Search The Line of Best Fit
Search The Line of Best Fit

King Krule wades a little too far into reflection and restraint on Space Heavy

"Space Heavy"

Release date: 09 June 2023
King Krule - Space Heavy cover
08 June 2023, 09:00 Written by Kyle Kohner

He's only 28, but it feels like we've known him for decades.

With every record and at every point of his phenomic career, Archy Marshall has always been outside of time, and that's no different now on the new album Space Heavy. And yet, we now have much more to look back on in retrospect – to compare and observe Marshall's personal and artistic growth.

Once a boyish bedroom rocker who captured, perfectly, the anxieties and fears of those his age, Marshall is now a loving father, though still babyfaced himself, of a fully cognisant daughter. But as much as she's grown since we encountered her as a newborn through her father's poetic lullabies on Man Alive!, he has even more. These kinds of life changes can completely alter an individual, and on Space Heavy, Marshall has grown tenfold – more observant of his own psyche and more capable of regulating the emotions and memories flowing from it to better convey them through the intense poetic introspection and bedroom punk and jazz compositions that define the music of King Krule. But no longer does his music sound distraughtly alien as it has deeply human. On Space Heavy, it's simply human – monotonously so.

Nevertheless, Space Heavy couldn't have a better start. Album opener "Flimsier unfolds with a dissonant synth line and precisely mournful guitars mimicking a yearning Marshall who lifts his baritone a couple of registers higher, as he sings about the more assured embrace that the darkness provides his weary heart: "When this night bleeds / It could love mе forever..." This beautiful opener quickly gives way to a precisely placed ripper, the self-deprecating and lovelorn "Pink Shell", but the spike in energy this pissed-off moment stirs up is short-lived, as lead single 'Seaforth' talks listeners off the ledge with a gentle, forward-momentum love letter to an unrequited love existent only in dreams, a letter intended for his very real and tangible daughter too.

"Seaforth" is the most moving moment off Space Heavy, and maybe even of Marshall's entire body of work. It reflects the record's motif of travelling the synapse between home and dreams, a fractured world and one idyllic in said dreams. Within this space, he embraces a faith in something better, despite the calamity and groundlessness abounding within him: “I see you, my same eyes / Reflect the world that falls apart / There's a fire in our hearts /Baby, this faith is all I have.”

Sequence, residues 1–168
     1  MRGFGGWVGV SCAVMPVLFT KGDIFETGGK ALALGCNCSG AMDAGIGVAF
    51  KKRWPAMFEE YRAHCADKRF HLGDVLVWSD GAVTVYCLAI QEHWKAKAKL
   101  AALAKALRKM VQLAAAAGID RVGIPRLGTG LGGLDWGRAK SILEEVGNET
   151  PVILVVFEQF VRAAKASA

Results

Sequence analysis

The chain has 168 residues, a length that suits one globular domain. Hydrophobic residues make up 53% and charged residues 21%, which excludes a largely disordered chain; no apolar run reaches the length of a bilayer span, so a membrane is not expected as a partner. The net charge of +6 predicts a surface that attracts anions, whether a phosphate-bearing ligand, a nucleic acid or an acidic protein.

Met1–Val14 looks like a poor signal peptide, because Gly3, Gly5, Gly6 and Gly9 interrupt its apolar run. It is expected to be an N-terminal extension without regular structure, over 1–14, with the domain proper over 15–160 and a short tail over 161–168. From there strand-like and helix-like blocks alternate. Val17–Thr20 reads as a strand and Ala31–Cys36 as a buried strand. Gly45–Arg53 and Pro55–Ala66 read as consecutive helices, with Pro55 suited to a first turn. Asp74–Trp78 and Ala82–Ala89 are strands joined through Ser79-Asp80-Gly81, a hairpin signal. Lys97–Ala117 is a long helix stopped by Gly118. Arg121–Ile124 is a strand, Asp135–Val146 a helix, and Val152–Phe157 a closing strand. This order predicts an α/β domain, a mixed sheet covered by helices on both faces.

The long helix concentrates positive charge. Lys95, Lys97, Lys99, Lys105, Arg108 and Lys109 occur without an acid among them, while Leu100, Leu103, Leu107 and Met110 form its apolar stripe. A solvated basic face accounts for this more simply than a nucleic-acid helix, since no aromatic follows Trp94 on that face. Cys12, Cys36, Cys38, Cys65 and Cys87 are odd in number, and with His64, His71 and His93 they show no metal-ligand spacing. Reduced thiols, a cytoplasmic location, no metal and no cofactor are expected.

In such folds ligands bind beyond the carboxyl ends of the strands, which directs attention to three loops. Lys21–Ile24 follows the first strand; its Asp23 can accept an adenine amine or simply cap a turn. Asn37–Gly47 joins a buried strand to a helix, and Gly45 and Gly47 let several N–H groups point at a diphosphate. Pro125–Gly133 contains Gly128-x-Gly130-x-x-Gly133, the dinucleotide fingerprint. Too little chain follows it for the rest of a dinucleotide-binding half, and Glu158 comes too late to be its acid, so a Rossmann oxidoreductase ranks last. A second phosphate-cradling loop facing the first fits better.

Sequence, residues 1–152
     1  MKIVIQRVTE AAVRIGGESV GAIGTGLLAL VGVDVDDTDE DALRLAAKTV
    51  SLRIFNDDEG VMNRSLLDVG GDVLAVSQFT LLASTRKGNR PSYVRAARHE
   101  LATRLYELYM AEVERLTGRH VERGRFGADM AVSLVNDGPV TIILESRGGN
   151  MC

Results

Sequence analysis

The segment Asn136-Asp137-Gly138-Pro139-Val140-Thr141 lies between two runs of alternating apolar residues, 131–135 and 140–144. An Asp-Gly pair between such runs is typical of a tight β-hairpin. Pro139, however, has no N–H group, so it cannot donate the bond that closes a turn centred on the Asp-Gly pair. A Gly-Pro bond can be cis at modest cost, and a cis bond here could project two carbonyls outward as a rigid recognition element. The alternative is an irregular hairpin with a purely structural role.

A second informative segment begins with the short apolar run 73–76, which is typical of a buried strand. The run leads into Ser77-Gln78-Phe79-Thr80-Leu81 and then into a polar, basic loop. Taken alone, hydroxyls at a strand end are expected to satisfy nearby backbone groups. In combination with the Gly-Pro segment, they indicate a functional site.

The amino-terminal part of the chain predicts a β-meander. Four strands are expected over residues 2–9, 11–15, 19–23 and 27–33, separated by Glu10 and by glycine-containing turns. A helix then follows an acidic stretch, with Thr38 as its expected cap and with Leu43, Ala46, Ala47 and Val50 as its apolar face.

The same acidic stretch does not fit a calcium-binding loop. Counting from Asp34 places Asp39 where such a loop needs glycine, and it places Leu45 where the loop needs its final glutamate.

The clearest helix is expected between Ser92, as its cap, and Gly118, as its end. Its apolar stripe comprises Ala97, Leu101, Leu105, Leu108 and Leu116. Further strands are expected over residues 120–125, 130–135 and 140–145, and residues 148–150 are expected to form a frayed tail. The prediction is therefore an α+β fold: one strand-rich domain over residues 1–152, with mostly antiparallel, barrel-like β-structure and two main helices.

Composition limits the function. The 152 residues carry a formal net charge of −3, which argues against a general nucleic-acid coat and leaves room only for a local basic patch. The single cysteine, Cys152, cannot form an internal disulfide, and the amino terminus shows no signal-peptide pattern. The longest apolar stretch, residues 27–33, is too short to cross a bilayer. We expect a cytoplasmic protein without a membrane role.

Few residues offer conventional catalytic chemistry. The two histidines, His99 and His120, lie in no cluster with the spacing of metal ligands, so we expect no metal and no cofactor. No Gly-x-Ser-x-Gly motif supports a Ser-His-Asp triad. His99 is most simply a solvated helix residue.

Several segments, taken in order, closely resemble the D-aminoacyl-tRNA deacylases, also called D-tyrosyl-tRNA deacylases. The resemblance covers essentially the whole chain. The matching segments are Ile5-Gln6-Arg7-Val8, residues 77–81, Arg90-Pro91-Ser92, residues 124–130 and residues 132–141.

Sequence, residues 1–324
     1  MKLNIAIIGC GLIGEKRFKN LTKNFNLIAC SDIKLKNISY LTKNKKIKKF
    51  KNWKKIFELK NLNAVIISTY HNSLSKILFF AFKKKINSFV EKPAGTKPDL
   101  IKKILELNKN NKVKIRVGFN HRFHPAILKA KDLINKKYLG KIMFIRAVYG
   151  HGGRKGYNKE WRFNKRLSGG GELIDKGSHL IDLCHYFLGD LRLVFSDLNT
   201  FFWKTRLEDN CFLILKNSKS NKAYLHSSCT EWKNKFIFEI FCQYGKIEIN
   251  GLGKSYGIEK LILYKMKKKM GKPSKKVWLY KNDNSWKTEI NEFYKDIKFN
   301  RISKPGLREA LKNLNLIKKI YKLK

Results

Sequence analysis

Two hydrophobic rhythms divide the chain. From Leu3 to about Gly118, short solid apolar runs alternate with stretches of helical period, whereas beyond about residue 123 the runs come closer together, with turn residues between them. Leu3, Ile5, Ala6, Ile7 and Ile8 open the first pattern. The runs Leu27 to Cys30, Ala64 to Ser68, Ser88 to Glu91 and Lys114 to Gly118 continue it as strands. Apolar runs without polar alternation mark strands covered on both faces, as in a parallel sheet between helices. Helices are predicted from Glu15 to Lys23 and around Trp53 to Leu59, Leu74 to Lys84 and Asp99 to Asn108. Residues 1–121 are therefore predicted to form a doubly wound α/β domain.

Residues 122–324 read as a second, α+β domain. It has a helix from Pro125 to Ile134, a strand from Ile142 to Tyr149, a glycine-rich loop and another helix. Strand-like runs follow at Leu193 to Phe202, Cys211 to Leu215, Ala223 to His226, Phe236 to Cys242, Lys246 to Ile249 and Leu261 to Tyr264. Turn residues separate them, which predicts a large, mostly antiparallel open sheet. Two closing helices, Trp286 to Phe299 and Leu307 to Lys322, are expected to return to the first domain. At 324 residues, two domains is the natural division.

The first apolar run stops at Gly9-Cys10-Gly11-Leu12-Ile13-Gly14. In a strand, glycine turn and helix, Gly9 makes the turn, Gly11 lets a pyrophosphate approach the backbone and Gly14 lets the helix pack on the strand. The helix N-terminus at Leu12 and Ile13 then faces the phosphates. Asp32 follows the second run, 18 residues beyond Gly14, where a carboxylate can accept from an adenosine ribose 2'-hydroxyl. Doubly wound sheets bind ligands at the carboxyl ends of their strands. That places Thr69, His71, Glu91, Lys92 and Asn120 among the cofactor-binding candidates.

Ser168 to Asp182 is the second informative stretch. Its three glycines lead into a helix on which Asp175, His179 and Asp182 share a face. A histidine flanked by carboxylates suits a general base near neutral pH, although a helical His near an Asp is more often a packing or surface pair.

While the first few tracks of Space Heavy appear to ready listeners for a merely matured version of Marshall's typical dichotomic alchemy of tone and tenor, the rest of the record, sadly, is stuck in a muddy, ethereal lull as one moves down the tracklist. Aside from a few unmistakable detours, like "Seagirl", which surprises only because of the simple presence of another voice, or the title track, which hears Marshall go absolutely nuts, straining his gravelly voice even more than it naturally is, Marshall has moved away from music that hooks and intrigues. He has instead decided to push listers into a stew of slow-consuming sonics in hopes we will stay invested in what he has to say. Such a risky move from someone with a distinguished formula nailed down, but should we be surprised?

Slowly, with every release, Marshall has threaded his musical vision with more and more pensiveness and atmosphere, slowly stripping away tension and a knack for drama. Unfortunately, Marshall may have leaned too far and fast into his inevitable evolution on Space Heavy; songs like the reverb-soaked "Empty Stomach Space Cadet", the sparse closer "Wednesday Overcast" and many other moments in between bring these proclivities into full scope, the results sluggish and unmiraculous.

At its worst, Space Heavy can be too pensive and even sleep-inducing. The tightening and release, the compression and decompression – tension – that has always been the wellspring of life for all Marshall's previous records is waning. There is no back and forth within the very space of these new ethereal and meandering sounds; instead, there is one extended release of anxiety that unwinds with a lackadaisical lull, resulting in Marshall's least engaging effort yet. Although it's great to hear the forever prodigy in a better headspace, more mature and precise with his words and emotions, it was the youthful messiness echoed in past efforts that made King Krule far more intriguing than what listeners will experience under the lingering gloom of Space Heavy.

Share article

Get the Best Fit take on the week in music direct to your inbox every Friday

Read next